Alternatively, imagine a “real” (physical) ball of yarn, with “real” (physical) needles, working in conjunction with a motion detection system. As the student knits, the instructor sees a digital representation of the yarn/needles and can provide instruction based on the student’s knitting motions.
But Can Knitting Students “Really” Learn this Way?
(The following segment was contributed by Heidi Thorne [website] [Twitter])
When I was about 9, I learned to knit from my dad (yes, my dad!). That was in the physical “real” space. When I didn’t know how to do something, I could ask OR I referred to books. My how things have changed! It would have been so helpful to have a KnittingHelp.com resource around.
Interestingly, I didn’t learn to do the stitches (English) exactly as shown in the video. It looks somewhat awkward. But I think it points to an important aspect of online instruction, whether it be online video, real-time immersive, or with motion detection: It standardizes the way things are done, detail by detail.
Old-time (like 40-50 years ago) books would show here’s what the work looks like at step 1, then what it should look like at step 2, and the part between step 1 and 2 was somewhat of a mystery. It’s really difficult to turn mystery into mastery! So in that sense, yes, I think these new virtual learning models have incredible potential.
As noted earlier, knitting, like many other tactile arts, is difficult to translate into mouse and keyboard controls. So the real-time immersive knitting, without motion detection, has limited utility in this case. A 3D immersive environment which uses Microsoft Kinect type technology presents possibilities.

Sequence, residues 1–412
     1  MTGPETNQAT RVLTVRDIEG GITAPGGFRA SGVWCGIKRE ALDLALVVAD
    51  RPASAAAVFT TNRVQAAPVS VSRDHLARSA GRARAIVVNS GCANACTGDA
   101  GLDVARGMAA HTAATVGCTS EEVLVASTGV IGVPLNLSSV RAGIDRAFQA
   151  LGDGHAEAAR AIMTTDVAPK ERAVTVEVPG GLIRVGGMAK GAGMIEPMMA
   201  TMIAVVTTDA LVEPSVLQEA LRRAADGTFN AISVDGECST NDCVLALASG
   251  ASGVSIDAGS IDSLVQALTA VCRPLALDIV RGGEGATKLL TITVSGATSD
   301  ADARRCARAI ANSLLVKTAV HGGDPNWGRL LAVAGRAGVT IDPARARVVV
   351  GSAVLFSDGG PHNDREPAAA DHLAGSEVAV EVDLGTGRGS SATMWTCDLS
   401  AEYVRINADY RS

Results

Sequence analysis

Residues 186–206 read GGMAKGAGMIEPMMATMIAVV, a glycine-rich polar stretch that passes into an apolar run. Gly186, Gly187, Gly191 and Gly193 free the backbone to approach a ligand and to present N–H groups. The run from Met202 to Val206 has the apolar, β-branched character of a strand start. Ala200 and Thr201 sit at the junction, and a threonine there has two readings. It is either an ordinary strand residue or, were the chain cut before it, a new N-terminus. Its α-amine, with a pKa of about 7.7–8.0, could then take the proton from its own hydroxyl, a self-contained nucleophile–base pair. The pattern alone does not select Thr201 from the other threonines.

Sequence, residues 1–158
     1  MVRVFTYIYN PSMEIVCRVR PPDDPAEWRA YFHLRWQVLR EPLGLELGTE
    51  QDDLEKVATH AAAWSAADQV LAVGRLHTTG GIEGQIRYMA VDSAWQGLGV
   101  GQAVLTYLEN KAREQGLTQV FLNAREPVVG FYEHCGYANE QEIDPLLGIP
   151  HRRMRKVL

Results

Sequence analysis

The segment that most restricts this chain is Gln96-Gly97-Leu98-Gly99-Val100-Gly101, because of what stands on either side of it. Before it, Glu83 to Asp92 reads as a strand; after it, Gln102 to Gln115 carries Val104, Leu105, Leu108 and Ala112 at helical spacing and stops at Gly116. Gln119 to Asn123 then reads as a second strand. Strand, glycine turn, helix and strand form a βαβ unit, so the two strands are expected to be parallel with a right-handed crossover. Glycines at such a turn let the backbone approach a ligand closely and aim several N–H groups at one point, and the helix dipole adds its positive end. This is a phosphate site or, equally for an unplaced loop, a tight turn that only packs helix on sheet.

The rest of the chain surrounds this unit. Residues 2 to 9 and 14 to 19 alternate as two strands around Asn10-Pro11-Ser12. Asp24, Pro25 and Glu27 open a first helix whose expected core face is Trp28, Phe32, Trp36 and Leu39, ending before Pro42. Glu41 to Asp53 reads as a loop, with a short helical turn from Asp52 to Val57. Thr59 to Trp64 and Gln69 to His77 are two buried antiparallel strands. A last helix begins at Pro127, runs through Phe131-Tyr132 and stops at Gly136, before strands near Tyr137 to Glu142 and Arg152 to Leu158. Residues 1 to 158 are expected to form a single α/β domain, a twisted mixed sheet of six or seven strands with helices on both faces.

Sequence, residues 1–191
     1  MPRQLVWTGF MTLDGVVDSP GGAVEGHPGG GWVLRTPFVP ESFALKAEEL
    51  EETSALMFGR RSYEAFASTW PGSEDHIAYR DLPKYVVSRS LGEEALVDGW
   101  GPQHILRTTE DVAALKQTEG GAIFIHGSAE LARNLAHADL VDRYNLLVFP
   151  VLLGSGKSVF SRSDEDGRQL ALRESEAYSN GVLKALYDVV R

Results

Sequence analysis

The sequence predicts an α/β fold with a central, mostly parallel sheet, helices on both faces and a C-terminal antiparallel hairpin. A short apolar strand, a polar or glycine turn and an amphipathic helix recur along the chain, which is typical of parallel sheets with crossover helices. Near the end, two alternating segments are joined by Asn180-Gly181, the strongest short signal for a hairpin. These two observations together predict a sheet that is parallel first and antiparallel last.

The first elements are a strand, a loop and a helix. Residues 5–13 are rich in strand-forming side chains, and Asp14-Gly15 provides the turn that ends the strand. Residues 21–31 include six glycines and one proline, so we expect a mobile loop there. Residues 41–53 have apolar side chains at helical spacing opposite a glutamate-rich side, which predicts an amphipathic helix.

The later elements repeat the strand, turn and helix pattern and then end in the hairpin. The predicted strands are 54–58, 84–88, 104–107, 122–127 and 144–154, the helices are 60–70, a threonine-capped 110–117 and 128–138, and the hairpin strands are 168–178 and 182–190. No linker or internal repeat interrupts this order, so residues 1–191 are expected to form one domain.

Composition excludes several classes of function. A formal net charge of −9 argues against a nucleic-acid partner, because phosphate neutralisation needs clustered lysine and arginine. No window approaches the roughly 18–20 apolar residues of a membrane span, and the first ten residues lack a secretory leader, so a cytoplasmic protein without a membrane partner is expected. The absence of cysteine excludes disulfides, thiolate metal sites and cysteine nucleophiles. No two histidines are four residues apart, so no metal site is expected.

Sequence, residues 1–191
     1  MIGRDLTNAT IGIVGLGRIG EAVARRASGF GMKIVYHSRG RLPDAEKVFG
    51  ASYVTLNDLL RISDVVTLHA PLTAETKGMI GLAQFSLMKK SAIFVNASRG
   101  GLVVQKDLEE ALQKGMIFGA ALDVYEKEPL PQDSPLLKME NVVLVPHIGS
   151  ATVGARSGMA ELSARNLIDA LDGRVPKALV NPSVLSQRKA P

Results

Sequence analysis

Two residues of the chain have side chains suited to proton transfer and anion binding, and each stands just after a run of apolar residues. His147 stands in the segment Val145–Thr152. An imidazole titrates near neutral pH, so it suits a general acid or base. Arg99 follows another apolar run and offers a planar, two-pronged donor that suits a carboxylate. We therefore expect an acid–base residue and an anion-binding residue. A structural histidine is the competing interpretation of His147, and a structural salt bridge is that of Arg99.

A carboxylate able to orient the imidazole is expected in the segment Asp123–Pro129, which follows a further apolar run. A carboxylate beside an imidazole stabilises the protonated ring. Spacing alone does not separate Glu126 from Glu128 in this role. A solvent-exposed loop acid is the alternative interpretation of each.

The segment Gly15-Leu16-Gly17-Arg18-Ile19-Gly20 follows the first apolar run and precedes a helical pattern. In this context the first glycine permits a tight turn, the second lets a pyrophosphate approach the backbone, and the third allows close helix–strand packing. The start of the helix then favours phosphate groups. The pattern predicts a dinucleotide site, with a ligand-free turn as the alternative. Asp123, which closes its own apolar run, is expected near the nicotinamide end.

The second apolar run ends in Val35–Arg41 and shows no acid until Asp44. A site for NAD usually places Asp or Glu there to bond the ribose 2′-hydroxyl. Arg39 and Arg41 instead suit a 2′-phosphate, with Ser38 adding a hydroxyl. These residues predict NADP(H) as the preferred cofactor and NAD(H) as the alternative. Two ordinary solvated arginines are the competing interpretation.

But, again, learning to deal with the tactile sensation of fibers, which can be uniquely uneven by default or design, is missing. It’s similar to driver’s ed simulators. Yes, you can drive along perfectly and the virtual traffic behaves. In the real world, well, traffic is less polite.
In sum, I believe that these technologies are excellent for early learning experiences since they take away some of the bumps and bruises that go with it, creating confidence through success on a small scale and at a faster pace.
(The following segment was contributed by Jenise Fryatt [website] [Twitter])
I believe there is great value in methods of teaching that actually give you practice while using your hands. I believe there is research that shows that using your hands actually helps the brain to think better. http://www.washingtonpost.com/wp-srv/style/longterm/books/chap1/hand.htm
I also believe that when the mind experiences the sensation of doing something, whether it be flying a plane in a simulation or laughing at failure in an improv game, the same neural pathways are created as are created in real life. Thus games and simulations can be amazingly effective teaching tools. I don’t think we’ve even begun to explore all they may be capable of accomplishing.
In addition to knitting instruction, the technology models we’ve outlined (above) could also apply to guitar instruction, pottery, painting and more. With technologies such as video, 3D immersion and motion detection, the possibilities are seemingly endless.